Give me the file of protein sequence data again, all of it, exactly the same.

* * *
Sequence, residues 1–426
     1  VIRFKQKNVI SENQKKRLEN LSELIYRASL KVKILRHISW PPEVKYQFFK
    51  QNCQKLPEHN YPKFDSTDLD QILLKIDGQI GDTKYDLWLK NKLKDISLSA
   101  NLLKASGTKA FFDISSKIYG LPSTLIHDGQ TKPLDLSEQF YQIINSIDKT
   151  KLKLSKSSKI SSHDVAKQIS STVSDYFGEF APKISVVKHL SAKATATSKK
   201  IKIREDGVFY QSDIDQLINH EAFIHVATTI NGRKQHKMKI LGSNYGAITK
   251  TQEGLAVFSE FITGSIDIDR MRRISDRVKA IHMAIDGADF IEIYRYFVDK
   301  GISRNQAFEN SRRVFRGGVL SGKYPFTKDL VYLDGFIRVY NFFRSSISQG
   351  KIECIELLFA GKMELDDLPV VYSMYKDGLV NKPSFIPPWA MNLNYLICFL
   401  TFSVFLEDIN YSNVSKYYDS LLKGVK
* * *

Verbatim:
Sequence, residues 1–426
     1  VIRFKQKNVI SENQKKRLEN LSELIYRASL KVKILRHISW PPEVKYQFFK
    51  QNCQKLPEHN YPKFDSTDLD QILLKIDGQI GDTKYDLWLK NKLKDISLSA
   101  NLLKASGTKA FFDISSKIYG LPSTLIHDGQ TKPLDLSEQF YQIINSIDKT
   151  KLKLSKSSKI SSHDVAKQIS STVSDYFGEF APKISVVKHL SAKATATSKK
   201  IKIREDGVFY QSDIDQLINH EAFIHVATTI NGRKQHKMKI LGSNYGAITK
   251  TQEGLAVFSE FITGSIDIDR MRRISDRVKA IHMAIDGADF IEIYRYFVDK
   301  GISRNQAFEN SRRVFRGGVL SGKYPFTKDL VYLDGFIRVY NFFRSSISQG
   351  KIECIELLFA GKMELDDLPV VYSMYKDGLV NKPSFIPPWA MNLNYLICFL
   401  TFSVFLEDIN YSNVSKYYDS LLKGVK